On Sojourner Truth, Motherhood and Trust

For Black History Month 2016, HealthConnect One invited partners and allies to share how they have been influenced or inspired by Black women who made history – women like Sojourner Truth. ~ Editor’s Note

by Phyllis Brown

phyllis brownSojourner Truth traveled telling the truth. She also had some of her children taken away from her.

As a community-based doula, I have some understanding of both of these circumstances.

I want to talk about my experience with a client and her pregnancy, which pushed me to stand up and advocate for services to help ease her stress, anxiety, and feeling of overwhelm.

I wanted to make sure I could support this young lady to find her voice and communicate with her providers concerning her wants and needs. I went with her to a meeting with her case management agency, for support, so that she would know someone was with her and walking alongside her regardless.

This mother was so stressed about her pregnancy and wanted to make sure her pregnancy was not in vain. She wanted a crib, a car seat, a bathtub, equipment that would make her feel like a mother, equipment that was given to other mothers without hesitation.

I began to tell the case management agency the truth about this young mother and her anxiety concerning infant equipment, and why it was important to her, but the agency did not see the importance of it as we did. I continued to speak the truth. If we could provide this young mother a chance to speak, if we could simply listen with compassion and affirm her needs by providing her with the equipment she desired, then if her pregnancy ended up in the loss of custody of her child after birth, she could still be part of caring for her baby. She could still help to make sure everything would be fine. The equipment was one of the ways this mom could feel her pregnancy was real and be acknowledged by others as a mother.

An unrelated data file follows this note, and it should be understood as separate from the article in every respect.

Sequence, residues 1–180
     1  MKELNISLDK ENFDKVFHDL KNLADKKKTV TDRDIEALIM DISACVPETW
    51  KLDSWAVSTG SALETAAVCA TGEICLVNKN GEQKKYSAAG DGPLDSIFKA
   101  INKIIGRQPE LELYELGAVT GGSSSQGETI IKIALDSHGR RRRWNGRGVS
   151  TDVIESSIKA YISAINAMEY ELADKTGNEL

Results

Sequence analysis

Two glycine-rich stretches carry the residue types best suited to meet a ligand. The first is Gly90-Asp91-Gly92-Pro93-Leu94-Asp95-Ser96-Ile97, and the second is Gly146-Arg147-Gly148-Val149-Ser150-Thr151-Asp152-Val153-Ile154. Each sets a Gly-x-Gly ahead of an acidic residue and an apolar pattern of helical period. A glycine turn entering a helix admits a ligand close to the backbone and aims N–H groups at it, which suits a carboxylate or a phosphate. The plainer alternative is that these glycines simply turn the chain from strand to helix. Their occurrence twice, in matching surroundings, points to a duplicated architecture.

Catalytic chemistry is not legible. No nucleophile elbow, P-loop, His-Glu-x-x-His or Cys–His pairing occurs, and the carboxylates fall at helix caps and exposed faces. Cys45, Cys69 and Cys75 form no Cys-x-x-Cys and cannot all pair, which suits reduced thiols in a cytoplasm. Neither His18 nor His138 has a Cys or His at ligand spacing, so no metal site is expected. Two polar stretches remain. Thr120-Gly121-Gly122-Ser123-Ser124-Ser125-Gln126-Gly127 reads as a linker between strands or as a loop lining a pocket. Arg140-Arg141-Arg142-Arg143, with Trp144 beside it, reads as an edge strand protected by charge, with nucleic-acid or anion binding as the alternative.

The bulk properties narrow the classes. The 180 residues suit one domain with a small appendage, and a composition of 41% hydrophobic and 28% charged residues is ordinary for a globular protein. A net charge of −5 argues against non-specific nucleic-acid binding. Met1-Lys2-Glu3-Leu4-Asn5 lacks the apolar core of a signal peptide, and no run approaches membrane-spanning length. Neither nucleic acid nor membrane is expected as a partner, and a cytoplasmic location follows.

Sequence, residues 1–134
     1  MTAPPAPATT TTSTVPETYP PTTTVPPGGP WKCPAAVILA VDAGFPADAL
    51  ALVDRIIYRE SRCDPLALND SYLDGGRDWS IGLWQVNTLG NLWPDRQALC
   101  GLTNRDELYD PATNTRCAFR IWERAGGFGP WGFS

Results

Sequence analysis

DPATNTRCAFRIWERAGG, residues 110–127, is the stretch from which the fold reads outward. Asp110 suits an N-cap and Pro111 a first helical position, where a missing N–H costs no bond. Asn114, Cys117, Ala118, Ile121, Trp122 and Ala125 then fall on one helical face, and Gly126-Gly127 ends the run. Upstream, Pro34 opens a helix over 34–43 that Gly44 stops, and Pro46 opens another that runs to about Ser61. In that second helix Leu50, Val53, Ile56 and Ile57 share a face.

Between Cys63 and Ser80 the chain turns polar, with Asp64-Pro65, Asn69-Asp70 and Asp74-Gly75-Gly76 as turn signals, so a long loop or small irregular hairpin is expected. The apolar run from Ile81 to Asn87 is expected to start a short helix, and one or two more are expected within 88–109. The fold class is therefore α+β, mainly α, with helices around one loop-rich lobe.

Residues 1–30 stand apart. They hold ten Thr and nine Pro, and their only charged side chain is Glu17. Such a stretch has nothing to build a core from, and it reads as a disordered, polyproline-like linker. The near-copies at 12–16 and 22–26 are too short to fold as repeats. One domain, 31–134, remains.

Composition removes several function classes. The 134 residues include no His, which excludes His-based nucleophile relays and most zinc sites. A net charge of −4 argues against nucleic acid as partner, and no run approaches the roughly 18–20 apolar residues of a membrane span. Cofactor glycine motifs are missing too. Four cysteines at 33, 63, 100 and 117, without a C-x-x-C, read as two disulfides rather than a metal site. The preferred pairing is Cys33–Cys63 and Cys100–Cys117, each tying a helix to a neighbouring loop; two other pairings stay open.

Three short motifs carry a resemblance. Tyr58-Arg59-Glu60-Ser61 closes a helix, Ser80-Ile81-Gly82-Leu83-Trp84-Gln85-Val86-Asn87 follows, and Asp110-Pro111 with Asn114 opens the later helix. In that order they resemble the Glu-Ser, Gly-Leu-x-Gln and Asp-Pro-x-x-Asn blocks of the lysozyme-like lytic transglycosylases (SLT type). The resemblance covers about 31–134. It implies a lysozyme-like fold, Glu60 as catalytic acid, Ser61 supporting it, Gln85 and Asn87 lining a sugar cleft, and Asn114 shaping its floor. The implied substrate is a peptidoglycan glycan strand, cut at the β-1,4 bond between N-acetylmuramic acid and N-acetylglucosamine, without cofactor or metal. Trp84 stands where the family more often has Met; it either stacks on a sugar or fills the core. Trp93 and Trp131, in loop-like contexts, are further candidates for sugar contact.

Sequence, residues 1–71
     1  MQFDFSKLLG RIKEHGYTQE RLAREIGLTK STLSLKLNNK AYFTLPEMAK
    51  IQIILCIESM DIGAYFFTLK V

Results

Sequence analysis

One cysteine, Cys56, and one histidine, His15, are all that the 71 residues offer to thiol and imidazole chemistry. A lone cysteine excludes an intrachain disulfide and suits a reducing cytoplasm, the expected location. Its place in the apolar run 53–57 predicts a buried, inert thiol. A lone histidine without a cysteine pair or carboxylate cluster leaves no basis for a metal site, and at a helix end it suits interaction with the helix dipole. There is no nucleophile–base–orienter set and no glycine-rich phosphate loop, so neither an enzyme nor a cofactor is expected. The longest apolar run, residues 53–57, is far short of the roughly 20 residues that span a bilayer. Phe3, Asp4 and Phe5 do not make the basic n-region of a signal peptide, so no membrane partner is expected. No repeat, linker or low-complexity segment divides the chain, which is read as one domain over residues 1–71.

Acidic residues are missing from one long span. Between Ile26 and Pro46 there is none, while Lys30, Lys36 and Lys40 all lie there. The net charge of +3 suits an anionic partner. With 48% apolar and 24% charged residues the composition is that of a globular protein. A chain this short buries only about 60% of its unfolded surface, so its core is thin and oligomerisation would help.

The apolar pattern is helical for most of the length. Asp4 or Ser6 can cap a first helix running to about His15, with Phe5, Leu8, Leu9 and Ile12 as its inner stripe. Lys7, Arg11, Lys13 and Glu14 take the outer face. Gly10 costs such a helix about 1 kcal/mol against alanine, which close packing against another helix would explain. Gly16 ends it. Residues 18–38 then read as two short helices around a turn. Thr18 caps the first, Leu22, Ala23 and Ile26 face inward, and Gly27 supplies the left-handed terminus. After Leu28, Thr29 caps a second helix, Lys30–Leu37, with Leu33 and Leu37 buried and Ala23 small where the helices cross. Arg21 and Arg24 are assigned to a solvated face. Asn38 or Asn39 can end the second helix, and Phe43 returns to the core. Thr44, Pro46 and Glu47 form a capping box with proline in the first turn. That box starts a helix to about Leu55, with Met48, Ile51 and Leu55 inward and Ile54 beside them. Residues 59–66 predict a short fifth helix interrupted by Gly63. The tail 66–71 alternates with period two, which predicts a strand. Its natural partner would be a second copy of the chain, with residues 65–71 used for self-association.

I wanted to make sure this mom felt supported and had the opportunity to go through “nesting” as other moms do, regardless if her baby was staying with her or not. I gave equipment to the mom from our agency, to help her have her nesting moment.

We set it up together.

This has built trust between the mother and me.

Phyllis Brown works as a community-based doula for UCAN in Chicago. She has been in the business of supporting others through the birthing process for more than 35 years and began doing this professionally 12 years ago. She was working with a population of young people who were in need of the service and it was bestowed upon her to assist. She has formal training as a community-based doula and has a Bachelor’s degree in Business Administration with a minor in Organizational Psychology.  

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